Pros Beautiful, simple and easy-to-learn functionality
Cons Certain things require a G5
Summary It's the best OS available, and it requires the best hardware available. No problems there. The only problem I've found is that the new HD codec (H.264) only works on certain G5 computers, not on my 1.67 GHz G4 PowerBook, even with the added RAM and upgraded GPU. In the four years now that I'v been using Macs, I have never experienced a crash, a virus, or even the slightest freeze. Like Apple says, "It just works."
Pros EVERYTHING! SPOTLIGHT, QUICKTIME, ITUNES, YOU NAME IT!
Cons if this thing has cons, why would i bother rating it?
Summary This is the best OS I have ever used. I got my first mac, a mac mini, on 4/29 when tiger came out. the mac mini is the cheapest one you can get, the 1.25 GHz base model. Tiger works smoothly on this miniscule mac with meager allotments of ram (256 MB). This OS provides a more interactive interface than WINXP (which is crap). The dock and widgets are cool, and spotlight is integrated with the finder bar, which makes it easier to search for something. I plan to upgrade the hard drive and memory to make Tiger work as smoothly as possible. I tried to open the mac mini, but to no avail. If you have a good tip as to where to insert the blade to pop the mini open, please comment** thanx
Pros Lives up to the hype and is noticeably faster than 10.3 on a G4
Cons Partially broken (for now) Virtual PC, occasional blank Inbox in Mail.app
Summary As a recent convert from Windows, I viewed Tiger's claims of "better performance" on older hardware with a high degree of skepticism (see: any Windows upgrade).
Forgive my ignorance, old habits die hard.
My girlfriend immediately noticed that everything was faster on my 12" Powerbook G4 without having to tell her I had upgraded the OS.
The widgets in Dashboard (especially the weather and phone book) are nice, but I still mourn the loss of Sherlock (or Karelia's Watson). As more widgets become available, I'll get used to Dashboard.
Mail seems to be much more polished and the Exchange setup is easier, though setting it up to use Exchange/AD to get the addressing auto-completion was a 2-day fight. The fix was to point LDAP to my domain controller's Global Catalog at TCP/3268 instead of Exchange's LDAP at TCP/389. I have a bug where my Inbox root folder will go blank on occasion (no set pattern) requiring me to close and reopen Mail to refresh the content.
Safari is faster and the RSS features are nice, but I'm not sold because it's still unusable with some of my key web-based apps (work-related), Firefox shares a similar browser id string (Mozilla-based, etc.) so I'm not sure why Safari doesn't work with those apps if Firefox does. So, I choose to use Opera 8 instead because it seems to be faster than either Firefox or Safari.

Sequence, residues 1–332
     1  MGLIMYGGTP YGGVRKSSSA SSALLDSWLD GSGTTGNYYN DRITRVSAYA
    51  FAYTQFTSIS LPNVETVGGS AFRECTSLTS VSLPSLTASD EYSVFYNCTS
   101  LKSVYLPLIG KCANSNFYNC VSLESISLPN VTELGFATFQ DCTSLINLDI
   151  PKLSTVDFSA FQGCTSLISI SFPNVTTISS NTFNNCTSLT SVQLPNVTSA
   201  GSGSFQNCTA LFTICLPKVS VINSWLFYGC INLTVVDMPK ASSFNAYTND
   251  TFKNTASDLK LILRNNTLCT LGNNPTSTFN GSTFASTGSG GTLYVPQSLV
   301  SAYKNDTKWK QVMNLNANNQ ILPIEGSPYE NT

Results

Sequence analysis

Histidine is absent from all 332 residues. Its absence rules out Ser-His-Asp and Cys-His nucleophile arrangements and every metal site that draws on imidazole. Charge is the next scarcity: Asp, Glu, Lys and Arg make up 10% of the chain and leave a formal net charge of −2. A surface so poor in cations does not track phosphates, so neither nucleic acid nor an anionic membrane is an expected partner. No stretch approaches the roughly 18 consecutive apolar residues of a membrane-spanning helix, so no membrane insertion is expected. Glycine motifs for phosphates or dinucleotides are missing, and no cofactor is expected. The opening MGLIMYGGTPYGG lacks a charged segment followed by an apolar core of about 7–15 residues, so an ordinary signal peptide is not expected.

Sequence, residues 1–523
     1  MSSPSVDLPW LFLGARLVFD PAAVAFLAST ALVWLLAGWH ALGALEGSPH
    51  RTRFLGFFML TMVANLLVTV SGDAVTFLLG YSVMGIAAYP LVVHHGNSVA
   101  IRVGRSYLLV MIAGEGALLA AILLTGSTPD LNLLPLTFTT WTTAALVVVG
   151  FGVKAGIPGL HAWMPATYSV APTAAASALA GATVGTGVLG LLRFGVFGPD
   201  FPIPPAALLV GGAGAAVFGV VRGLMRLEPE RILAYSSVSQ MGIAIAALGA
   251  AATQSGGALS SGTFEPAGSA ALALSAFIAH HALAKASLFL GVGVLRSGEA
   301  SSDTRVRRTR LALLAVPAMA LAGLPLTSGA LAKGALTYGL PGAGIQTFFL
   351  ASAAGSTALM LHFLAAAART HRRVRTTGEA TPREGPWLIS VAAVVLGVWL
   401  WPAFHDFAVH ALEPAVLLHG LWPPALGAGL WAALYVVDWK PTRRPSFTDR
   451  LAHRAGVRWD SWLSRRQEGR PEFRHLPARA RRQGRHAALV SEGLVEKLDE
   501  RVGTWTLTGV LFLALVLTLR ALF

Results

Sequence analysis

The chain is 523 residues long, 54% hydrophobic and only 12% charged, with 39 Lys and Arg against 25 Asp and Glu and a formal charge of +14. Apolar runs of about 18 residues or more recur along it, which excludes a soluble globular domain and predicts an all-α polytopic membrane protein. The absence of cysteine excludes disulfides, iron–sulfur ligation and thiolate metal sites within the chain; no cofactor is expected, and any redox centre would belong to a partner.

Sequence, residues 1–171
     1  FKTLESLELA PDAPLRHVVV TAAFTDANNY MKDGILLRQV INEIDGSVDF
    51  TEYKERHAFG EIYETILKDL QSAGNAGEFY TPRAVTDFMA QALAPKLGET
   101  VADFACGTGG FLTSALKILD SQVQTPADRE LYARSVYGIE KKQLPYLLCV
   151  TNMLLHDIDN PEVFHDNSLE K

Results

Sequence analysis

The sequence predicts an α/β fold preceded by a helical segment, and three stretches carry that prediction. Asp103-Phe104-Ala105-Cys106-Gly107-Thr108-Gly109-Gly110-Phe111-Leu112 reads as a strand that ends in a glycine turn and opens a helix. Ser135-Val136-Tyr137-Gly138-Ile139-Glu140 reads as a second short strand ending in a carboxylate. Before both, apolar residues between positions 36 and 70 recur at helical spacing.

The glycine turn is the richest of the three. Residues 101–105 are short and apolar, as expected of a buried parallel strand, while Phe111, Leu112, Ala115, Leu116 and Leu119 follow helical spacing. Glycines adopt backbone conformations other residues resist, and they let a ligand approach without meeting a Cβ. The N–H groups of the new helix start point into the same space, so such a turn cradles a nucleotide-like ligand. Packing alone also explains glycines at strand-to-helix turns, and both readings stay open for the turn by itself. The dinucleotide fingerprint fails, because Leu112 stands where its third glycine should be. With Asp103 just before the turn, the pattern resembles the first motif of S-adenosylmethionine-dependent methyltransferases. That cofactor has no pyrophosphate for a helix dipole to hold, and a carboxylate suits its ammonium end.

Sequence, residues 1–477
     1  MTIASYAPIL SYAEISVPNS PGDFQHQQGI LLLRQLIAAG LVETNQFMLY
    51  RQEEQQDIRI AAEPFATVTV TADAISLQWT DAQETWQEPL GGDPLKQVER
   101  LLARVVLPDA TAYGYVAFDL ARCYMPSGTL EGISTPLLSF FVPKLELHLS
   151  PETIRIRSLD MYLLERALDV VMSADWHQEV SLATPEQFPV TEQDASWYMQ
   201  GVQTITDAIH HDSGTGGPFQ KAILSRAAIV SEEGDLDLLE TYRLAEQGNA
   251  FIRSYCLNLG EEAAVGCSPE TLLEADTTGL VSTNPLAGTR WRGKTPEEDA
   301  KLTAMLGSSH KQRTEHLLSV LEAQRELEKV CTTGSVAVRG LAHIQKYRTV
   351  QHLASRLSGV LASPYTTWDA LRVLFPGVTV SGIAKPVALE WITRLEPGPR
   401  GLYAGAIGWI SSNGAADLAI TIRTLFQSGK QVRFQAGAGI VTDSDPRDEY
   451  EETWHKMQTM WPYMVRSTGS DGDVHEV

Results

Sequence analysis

My biggest gripe is that Tiger broke the virtual switch for Virtual PC 7 for Mac. It also absolutely dogs the client OS (Windows 2000) almost to the point of unusability right now. I expect a fix soon, but this shouldn't have happened in the first place. Virtual PC for Mac isn't exactly a rare/obscure application.
All in all, Tiger is a worthwhile upgrade based on the performance improvements alone. The eye-candy (Dashboard, Safari, etc. ) and improving connectivity with Active Directory is all gravy.
Pros Several key features that add real value to home user
Cons Doesn't run on Intel/AMD architecture
Summary This is no Panther upgrade. Spotlight, Dashboard, Automator, Safari RSS...all these features significantly increase the value of a home PC by making getting email, working with files, surfing the web, etc. simpler, faster and more elegant than with previous Mac OS releases. (Certainly more than the alternatives.) I think the only downfall of this release is that people with PC's will to wait 18+ months for similar features with Longhorn.
Pros Not Sure??
Cons Probably the cost to upgrade, otherwise not known yet.
Summary I AM A SWITCHER!!! I have been a PC Loyalist for many years, and I have become a MacHead. There is a reason for everything they do. This upgrade will add very usefull tools like spotlight. If spotlight is integratged into the system properly, which it probably is knowing apple, then it may just save you seconds when they really count the most. Like during a business phone call, when you need that one piece of information from excel but you just cant remember where it is exactly. You can just type in as much as you can remember and it will give you what you need. Im hoping this will be an upgrade worthy of the cost because im not used to this in the windows world. But judging by how well OS X 10.3.8 (A.K.A. Panther) works then OS X 10.4.? should be worth the price.